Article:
800 BC-AD 300: The Kirat kings ruled the Kathmandu valley.
c.563 BC: Gautama Siddhartha (the Buddha—‘enlightened one’) is widely believed to have been born in the small town of Lumbini near the Indian border. He founded Buddhism, one of the major religious and philosophical systems in Asia.
4th-5th centuries AD: The kingdom of Nepal was founded by the Licchavi dynasty.
602: Amsuverma Thakuri married Shivadeva, the daughter of the Licchavi King and founded the Thakuri dynasty.
879: The date of the first recorded use of the word Nepal, meaning ‘the beginning of a new era’, to describe the country.
10th-18th centuries: The Nepal valley was ruled by the Malla dynasty, who introduced Hinduism and established contact with China and India.
1303: The Gurkhas, a warlike tribe, were expelled from India by Sultan Ala-ud-din and fled into the hills of central Nepal.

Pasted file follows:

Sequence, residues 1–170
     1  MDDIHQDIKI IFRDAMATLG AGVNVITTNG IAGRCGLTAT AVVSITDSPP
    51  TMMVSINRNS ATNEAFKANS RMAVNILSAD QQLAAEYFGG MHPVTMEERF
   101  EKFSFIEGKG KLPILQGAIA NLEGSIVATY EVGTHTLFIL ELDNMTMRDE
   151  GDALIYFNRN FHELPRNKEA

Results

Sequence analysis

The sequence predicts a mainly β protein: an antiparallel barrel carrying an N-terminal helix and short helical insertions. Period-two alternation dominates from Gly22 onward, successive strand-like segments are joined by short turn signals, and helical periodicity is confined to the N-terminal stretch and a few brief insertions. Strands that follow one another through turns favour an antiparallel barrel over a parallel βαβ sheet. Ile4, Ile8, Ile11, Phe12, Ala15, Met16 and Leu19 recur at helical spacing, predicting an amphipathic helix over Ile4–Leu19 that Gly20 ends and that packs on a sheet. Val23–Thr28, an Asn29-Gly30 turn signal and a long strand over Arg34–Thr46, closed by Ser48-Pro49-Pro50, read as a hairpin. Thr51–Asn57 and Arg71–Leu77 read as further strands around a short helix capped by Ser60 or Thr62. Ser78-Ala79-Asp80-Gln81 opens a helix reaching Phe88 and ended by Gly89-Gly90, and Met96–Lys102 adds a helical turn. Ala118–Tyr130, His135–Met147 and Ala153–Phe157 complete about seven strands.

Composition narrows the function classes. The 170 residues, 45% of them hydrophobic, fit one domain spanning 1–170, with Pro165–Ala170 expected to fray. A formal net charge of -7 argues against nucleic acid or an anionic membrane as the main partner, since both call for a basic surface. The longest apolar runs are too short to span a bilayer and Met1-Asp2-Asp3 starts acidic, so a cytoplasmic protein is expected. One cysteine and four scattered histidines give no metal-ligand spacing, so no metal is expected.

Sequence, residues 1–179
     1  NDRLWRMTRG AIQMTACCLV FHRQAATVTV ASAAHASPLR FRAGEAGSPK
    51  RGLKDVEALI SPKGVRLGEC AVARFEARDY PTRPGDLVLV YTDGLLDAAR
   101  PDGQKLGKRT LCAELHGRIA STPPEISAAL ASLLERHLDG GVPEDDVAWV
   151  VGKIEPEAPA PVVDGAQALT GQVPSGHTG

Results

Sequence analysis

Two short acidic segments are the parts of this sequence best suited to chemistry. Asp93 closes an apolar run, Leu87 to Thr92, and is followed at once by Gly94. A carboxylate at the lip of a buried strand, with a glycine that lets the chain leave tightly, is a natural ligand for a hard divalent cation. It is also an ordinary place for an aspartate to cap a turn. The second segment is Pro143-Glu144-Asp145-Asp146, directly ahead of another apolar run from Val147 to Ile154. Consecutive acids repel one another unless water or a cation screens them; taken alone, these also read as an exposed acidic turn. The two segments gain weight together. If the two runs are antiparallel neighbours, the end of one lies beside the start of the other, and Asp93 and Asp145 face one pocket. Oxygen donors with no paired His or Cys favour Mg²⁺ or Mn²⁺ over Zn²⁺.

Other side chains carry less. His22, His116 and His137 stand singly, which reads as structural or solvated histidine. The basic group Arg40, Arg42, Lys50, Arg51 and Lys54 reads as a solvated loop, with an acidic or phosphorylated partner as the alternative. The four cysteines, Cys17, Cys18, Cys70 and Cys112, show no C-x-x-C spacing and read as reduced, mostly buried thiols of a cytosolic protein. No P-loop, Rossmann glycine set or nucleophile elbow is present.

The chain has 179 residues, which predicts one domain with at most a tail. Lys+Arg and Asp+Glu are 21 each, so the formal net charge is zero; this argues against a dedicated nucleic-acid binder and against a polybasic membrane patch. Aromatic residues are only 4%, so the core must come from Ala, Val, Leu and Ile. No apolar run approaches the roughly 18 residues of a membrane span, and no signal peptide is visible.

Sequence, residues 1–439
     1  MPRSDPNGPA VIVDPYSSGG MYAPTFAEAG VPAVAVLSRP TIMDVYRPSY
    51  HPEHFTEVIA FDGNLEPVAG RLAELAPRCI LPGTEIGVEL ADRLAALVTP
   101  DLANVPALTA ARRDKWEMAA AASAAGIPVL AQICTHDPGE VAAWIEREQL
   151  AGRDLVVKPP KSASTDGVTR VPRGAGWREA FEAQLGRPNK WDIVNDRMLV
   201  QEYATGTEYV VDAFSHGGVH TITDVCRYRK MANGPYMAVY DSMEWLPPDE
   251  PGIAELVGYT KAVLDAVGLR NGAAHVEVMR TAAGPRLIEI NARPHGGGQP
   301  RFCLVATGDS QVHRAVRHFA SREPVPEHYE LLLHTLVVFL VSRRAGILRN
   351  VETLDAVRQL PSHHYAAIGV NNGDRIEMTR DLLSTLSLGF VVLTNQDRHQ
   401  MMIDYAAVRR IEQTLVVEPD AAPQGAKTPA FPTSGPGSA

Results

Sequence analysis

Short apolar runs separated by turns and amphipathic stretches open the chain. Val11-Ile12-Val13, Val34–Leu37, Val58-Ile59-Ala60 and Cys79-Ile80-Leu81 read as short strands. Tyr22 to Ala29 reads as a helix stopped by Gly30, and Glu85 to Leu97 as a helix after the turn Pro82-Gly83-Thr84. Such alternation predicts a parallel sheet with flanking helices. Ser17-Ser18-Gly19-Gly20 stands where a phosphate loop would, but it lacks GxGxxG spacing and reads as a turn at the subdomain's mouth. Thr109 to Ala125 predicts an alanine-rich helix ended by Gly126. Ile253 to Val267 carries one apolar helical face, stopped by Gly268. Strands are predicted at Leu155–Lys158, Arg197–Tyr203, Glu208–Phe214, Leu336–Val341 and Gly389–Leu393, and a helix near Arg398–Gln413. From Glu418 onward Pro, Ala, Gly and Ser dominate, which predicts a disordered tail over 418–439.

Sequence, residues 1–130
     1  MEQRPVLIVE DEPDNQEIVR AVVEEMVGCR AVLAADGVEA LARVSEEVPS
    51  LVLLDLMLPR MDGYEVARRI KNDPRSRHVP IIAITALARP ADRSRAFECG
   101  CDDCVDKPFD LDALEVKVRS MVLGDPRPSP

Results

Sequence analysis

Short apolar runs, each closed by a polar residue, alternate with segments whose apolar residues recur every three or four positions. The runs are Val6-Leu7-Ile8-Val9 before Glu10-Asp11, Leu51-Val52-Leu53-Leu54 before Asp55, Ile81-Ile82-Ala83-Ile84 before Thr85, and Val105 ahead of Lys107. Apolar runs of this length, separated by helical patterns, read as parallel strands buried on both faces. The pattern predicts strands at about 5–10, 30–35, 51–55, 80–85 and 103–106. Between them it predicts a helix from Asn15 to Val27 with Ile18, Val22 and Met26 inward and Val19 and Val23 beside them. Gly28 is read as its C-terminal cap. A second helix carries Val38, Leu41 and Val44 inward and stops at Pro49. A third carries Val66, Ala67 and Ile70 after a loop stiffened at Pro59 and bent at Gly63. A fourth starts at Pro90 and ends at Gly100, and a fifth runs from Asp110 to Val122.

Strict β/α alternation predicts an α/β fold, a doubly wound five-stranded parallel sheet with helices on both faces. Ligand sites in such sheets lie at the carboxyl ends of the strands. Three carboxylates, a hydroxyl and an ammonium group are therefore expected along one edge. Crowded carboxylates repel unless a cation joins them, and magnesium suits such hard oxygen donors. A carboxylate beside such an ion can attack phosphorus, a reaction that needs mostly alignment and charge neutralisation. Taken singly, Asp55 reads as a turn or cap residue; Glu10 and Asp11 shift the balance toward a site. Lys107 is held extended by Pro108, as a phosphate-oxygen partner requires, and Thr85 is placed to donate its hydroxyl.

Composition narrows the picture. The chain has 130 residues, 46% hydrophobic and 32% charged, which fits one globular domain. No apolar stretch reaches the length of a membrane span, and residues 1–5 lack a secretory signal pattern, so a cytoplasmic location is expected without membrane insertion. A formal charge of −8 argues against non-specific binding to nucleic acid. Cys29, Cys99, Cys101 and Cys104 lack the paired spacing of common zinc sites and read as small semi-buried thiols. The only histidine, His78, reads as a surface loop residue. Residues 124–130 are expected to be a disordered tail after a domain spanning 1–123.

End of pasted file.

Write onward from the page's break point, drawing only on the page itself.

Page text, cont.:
c.1382-1395: Jaya Sthiti reigned; he established a legal code for Nepal based on Hindu principles.
c.1429-1482: The ruler Yaksa Malla divided the kingdom into three principalities—Kathmandu, Patan and Bhaktpur—for his sons.
1744: Prithvinarayan Shah, the ruler of Ghurka, conquered the adjacent kingdom of Nuwakot.
1756: Gurkha forces occupied the Kuti Pass and prevented trade between the Kathmandu valley and Tibet.
1767: The Nepal valley was conquered by the Gurkha ruler, Prithvi Narayan Shah.
1767: King Jaya Prakash Malla of Kathmandu enlisted British military assistance to combat Gurkha advances. Jaya Malla’s army was defeated at the battle of Sindhuli.
25 September 1768: The Gurkhas captured the city of Kathmandu and Prithvinarayan Shah proclaimed himself King of the united kingdoms of Nepal.
1769: The capital of the kingdom was established at Kathmandu.